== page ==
Today, The Conference Board’s Environmental, Social & Governance (ESG) Center released a report detailing how business journalists view the role of the corporate director. The insights featured are drawn primarily from a recent roundtable discussion that featured reporters and editors who cover corporate governance.
Insights from the study include but are not limited to the following:
- Purpose vs. profits. Given that major asset management companies and institutional investors are increasingly pressuring their portfolio companies to address a range of social issues, some roundtable participants said they believe companies and their boards have reached a crossroads. They noted that they will increasingly be faced with decisions that require balancing their focus on growing corporate profits while simultaneously working to demonstrate a strong social purpose.
- Concern about directors not having their own support staff. Some in the media who participated in the roundtable expressed concern over directors not having their own staff to help in vetting and supplementing the information that management provides to directors. However, many representing company management and some governance experts object to such an arrangement, contending that it is not the board’s responsibility to perform management’s role; moreover, a separate staff for directors opens the possibility of shadow management.
- Board competency substantially tied to crisis management. Some roundtable participants noted that determining the competency of a board requires that it first be confronted with and respond to a crisis. This notion exemplifies the “firehouse” theory – essentially, that the effectiveness of a firehouse cannot be accurately determined until a fire occurs. In addition, whether the emergency is related to the broader economy, a product recall, or a personal scandal involving an executive, the participants indicated that boards ought to be as prepared as management to deal with the repercussions of such unforeseen disasters.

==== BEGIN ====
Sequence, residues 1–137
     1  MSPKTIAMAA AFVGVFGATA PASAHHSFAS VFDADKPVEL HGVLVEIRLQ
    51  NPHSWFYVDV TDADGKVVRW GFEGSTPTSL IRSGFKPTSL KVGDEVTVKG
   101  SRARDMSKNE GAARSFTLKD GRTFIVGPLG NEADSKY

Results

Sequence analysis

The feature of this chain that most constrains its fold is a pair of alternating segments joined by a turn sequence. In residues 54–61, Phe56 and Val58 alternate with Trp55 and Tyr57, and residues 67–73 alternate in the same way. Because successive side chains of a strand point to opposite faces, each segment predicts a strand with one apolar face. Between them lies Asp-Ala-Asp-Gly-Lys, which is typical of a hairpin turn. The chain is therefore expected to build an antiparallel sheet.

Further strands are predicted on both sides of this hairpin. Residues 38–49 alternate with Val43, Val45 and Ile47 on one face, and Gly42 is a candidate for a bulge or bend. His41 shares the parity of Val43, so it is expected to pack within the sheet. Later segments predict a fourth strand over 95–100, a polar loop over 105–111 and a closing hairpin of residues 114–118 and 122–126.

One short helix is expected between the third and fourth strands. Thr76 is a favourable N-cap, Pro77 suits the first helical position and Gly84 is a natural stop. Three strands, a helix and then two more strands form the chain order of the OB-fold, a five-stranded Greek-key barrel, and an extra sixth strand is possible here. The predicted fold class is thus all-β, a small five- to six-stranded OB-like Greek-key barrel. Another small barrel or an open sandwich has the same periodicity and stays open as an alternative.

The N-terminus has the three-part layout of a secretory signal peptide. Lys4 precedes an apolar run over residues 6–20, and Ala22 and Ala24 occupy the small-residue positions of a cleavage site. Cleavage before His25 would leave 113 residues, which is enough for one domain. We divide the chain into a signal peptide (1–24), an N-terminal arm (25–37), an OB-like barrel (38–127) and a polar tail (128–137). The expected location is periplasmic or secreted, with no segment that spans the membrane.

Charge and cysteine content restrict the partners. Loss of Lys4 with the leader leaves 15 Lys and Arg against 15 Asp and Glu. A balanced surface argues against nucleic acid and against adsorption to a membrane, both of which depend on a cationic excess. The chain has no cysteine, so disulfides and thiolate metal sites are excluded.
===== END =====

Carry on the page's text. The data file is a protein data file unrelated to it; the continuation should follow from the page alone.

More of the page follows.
“We know reporting on corporate governance by the business media has a lasting impact on how shareholders, policymakers, and other important stakeholders see the job of corporate directors,” said Douglas Chia, Senior Fellow and former Executive Director of The Conference Board’s ESG Center. “However, much of their reporting focuses on corporate failures, not successes, and that has an impact of their own understanding of how boards operate.”
“Business journalists see the corporate board as the first line of defense for shareholders who are seeking to maximize the value of their investment while also guaranteeing the social value of the company,” said Gary Larkin, author of the report and a Research Associate at the ESG Center. “The business media can play a governance role by simply performing their job, which can give stakeholders a larger voice with which to exert influence.”
The report is the tenth in a series of analyses that feature insights from boardroom stakeholders about the role and expectations of the corporate director. In addition to highlights from conversations with business journalists and other corporate governance experts, the report includes a hypothetical corporate director’s job description from the media’s point of view; examples of board actions that were, from the perspective of journalists, positive or negative; and, an examination of their views on board composition, engagement with shareholders, and interaction with management.